“The term ‘vegan butcher’ doesn’t belong to anyone — and it shouldn’t belong to anyone.”
Nestlé has lost the trademark battle with The Herbivorous Butcher over the use of the phrase “Vegan Butcher”.
The U.S. Patent and Trademark Office closed the case in a Jan. 19 ruling after The Swiss food giant quietly withdrew its pursuit to trademark the term.
The Herbivorous Butcher was founded by Guam-born siblings Kale and Aubry Walch in 2016 – making it the first vegan butcher shop in the United States at the time.
The siblings opened the shop to sell their home-made deli plant-based meats, vegan sausages, ribs, and dairy-free cheeses – all of which are 100% vegan and made using ingredients like vital wheat gluten, soy, and natural flavourings.
In August 2017, the Minneapolis-based duo applied to register the trademark “Vegan Butcher” with the United States Patent and Trademark Office (USPTO).
The application was however rejected by USPTP on the basis that the term was “merely descriptive.”
Meanwhile, Nestlé acquired Sweet Earth Foods – a Californian-based plant-based meat brand, which has rolled out a variety of vegan meats, including the popular vegan Awesome Burger.
Nestlé later announced that it would be selling deli slices from its own deli counters set up in supermarkets using the phrase “The Vegan Butcher” and applied to trademark the term.
The food giant’s application was nearly approved in September 2019 when The Herbivorous Butcher moved the court to stop the company from trademarking the term.
‘Win for the entire movement’
“We’re really glad that for whatever reason they saw the light,” Aubry Walch said on hearing the verdict.
“It was definitely a win for the entire movement.”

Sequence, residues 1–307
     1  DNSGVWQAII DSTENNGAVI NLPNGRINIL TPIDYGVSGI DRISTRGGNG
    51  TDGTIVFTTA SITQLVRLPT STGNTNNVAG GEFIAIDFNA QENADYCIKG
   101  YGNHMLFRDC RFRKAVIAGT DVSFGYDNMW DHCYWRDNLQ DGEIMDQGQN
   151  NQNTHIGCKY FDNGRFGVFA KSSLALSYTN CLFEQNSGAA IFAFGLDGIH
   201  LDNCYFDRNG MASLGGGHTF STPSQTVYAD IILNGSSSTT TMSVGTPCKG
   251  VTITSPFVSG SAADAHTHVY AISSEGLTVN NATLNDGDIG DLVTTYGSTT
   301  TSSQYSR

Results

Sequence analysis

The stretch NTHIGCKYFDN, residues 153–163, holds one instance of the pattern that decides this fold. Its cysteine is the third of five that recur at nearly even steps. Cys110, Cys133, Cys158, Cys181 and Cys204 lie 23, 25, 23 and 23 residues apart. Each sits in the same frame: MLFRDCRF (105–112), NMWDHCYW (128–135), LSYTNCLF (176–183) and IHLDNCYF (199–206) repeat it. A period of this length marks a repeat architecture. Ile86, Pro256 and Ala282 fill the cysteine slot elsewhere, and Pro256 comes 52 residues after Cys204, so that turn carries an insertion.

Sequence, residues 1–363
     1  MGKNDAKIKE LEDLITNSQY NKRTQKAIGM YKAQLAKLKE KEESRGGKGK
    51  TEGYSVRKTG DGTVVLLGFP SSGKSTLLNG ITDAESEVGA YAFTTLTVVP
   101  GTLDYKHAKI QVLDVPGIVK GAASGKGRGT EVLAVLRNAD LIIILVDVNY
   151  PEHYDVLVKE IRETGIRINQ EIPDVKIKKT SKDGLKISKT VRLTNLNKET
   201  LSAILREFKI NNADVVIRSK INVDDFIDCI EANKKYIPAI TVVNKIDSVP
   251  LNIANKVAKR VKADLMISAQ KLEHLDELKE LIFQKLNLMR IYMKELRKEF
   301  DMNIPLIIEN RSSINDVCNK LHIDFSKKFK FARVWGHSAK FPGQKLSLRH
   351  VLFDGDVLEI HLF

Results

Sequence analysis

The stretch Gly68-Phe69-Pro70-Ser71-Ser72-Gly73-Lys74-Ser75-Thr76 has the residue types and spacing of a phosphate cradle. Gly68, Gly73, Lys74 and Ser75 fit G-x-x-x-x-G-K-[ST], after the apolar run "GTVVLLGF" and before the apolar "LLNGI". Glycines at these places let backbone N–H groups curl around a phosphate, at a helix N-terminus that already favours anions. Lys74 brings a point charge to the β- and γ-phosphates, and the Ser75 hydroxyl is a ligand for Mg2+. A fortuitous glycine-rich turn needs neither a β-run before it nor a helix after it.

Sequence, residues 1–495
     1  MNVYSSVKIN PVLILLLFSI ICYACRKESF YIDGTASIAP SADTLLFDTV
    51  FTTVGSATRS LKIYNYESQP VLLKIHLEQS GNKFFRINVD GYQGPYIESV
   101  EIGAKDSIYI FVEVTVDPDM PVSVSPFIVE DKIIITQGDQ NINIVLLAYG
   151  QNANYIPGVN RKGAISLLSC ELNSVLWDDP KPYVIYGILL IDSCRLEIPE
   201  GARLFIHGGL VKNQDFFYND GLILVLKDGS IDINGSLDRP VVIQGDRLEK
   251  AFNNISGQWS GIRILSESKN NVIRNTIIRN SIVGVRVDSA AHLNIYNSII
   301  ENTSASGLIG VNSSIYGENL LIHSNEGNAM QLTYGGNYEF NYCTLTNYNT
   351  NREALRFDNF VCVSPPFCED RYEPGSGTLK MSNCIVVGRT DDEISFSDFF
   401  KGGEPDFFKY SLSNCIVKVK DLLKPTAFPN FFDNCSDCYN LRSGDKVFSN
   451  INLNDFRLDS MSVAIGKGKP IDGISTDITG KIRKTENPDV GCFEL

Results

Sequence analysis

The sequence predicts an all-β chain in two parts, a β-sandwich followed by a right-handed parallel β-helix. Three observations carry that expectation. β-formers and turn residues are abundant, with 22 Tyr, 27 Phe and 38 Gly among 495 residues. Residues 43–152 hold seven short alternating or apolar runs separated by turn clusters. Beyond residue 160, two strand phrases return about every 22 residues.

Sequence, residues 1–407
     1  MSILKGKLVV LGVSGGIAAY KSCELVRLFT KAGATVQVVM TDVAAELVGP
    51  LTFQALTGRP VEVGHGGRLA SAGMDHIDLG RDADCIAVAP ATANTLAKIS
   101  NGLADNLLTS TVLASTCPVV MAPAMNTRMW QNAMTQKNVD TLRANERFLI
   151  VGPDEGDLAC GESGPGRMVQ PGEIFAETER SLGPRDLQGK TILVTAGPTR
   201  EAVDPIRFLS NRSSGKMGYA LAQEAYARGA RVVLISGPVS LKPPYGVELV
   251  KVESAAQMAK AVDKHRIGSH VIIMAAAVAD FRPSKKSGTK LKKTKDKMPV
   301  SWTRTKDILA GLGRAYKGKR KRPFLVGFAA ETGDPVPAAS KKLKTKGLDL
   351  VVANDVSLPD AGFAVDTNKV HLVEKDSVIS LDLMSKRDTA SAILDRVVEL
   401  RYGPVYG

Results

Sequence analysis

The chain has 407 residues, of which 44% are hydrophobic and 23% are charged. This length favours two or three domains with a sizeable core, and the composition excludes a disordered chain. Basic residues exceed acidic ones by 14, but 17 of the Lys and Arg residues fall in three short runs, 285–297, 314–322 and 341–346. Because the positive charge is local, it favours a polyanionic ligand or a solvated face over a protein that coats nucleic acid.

The Herbivorous Butcher owners have no have plans to trademark the Vegan butcher name anymore so that everyone is able to use it.
“After spending the past couple of years dealing with this and talking to other vegan butcher shops and other people doing similar stuff to us, we decided that the term ‘vegan butcher’ doesn’t belong to anyone — and it shouldn’t belong to anyone,” Walch said.
“At the end of the day we want everyone to be able to use it.”
Nestle’s chequered past
This is not the first time the food conglomerate has run into legal tangles with plant-based companies.
Last year, Nestlé lost a legal battle with Impossible Foods after the plant-based start-up complained of trademark infringement in The District Court in The Hague.
The court’s ruling ordered Nestlé to rename the burger its meat-free “Incredible Burger” after the term was found to be potentially confusing for European Union consumers.
Rachel Konrad, a spokesman for Impossible Foods said at the time: “This injunction from The Hague is a major victory – it’s a real David v. Goliath episode against the largest food company in the world, which was attempting to confuse consumers with an inferior attempt at a knock-off.”
While Nestlé is actively pursuing the alternative protein industry in response to its burgeoning demand, many vegans are against the brand due to its controversial business practices.
In the 1970’s the brand aggressively promoted its formula milk over breastmilk in developing countries causing many to boycott it at the time.
In another instance, it was also accused of violating ethical marketing codes and misleading customers with dubious nutritional claims about its baby milk formulas.
The Swiss food giant has also come under fire for allowing child labor, unethical water mining, and deforestation among others.
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